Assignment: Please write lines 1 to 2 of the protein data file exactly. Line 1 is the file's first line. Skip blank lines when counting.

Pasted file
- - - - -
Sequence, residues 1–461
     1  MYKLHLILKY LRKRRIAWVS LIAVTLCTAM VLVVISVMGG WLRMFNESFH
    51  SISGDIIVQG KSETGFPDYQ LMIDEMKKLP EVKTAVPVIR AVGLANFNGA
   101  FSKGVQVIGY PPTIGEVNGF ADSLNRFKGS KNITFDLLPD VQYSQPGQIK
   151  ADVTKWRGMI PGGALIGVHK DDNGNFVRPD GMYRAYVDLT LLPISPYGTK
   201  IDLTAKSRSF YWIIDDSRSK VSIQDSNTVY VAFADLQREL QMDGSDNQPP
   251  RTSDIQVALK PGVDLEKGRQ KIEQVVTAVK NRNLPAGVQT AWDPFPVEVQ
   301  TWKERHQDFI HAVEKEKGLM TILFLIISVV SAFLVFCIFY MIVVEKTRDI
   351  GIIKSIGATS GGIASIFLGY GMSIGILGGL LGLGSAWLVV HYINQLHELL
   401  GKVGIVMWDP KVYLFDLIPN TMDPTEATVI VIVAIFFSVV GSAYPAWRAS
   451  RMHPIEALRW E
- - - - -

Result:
Sequence, residues 1–461
     1  MYKLHLILKY LRKRRIAWVS LIAVTLCTAM VLVVISVMGG WLRMFNESFH